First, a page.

CDC Education and Information for Health Professionals on Healthy Swimming and Recreational Water
CDC Healthy Swimming/Recreational Water: Recreational Water Illness
CDC Healthy Swimming/Recreational Water: How Can We Prevent Recreational Water Illnesses?
CDC Healthy Swimming/Recreational Water: Swimmer's Ear-Otitis Externa
CDC Healthy Swimming/Recreational Water: Swimmer's Ear Prevention
CDC Healthy Swimming/Recreational Water: Resources and Publications
CDC Healthy Swimming/Recreational Water: Frequently Asked Questions
CDC Healthy Swimming/Recreational Water: Triple A's of Healthy Swimming
AAP News: Don't Let Swimmer's Ear Keep You Out of the Water
Recreational Water Illness: What Every Clinician Needs to Know
Michele C. Hlavsa is an epidemiologist with the Healthy Swimming Program in the Waterborne Disease Prevention Branch at the Centers for Disease Control and Prevention in Atlanta, Georgia. She has a master's degree in public health in epidemiology from Emory University and is a graduate of the Epidemic Intelligence Service, CDC's disease detective group. She has worked on a number of outbreak investigations of waterborne and foodborne diseases in her 8 years at CDC.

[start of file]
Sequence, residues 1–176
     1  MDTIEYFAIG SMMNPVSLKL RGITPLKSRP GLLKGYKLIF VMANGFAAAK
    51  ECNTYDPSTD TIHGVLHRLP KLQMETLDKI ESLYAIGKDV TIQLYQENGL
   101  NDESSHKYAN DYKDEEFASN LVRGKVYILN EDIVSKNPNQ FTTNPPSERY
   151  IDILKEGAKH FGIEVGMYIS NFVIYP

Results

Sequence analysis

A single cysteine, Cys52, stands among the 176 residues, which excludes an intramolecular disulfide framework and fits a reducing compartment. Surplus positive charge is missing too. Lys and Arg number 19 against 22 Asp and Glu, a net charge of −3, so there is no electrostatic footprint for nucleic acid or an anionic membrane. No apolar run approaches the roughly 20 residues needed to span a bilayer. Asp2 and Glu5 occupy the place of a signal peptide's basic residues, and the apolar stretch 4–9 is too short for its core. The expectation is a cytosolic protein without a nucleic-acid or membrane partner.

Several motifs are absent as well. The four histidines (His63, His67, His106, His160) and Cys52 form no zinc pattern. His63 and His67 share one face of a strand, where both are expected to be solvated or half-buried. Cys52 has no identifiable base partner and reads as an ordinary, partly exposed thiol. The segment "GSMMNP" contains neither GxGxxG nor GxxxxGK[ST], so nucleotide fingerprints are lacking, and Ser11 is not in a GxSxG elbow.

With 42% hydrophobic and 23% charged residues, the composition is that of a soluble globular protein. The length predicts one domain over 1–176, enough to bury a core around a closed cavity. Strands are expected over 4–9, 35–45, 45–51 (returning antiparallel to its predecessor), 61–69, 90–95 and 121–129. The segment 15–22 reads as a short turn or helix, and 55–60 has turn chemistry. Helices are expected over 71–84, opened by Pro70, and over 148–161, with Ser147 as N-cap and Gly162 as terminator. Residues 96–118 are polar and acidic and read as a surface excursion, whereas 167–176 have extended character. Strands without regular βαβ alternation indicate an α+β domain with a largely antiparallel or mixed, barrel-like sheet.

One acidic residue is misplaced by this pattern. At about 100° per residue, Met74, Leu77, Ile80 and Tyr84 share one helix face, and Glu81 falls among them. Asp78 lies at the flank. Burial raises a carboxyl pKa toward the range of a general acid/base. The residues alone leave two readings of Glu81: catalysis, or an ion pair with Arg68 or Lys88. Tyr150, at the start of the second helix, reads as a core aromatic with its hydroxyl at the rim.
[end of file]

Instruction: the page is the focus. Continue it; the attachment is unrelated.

Michele collaborates with state and local health authorities and the private sector to decrease the risk for recreational water illness and promote healthy swimming. Her particular focus is studying the transmission of pathogens, such as Cryptosporidium, that cause recreational water illness and developing appropriate prevention and control measures.
Public Information from the CDC and Medscape
Cite this: Michele C. Hlavsa. Talk to Patients About Recreational Water Health Risks - Medscape - Jul 18, 2011.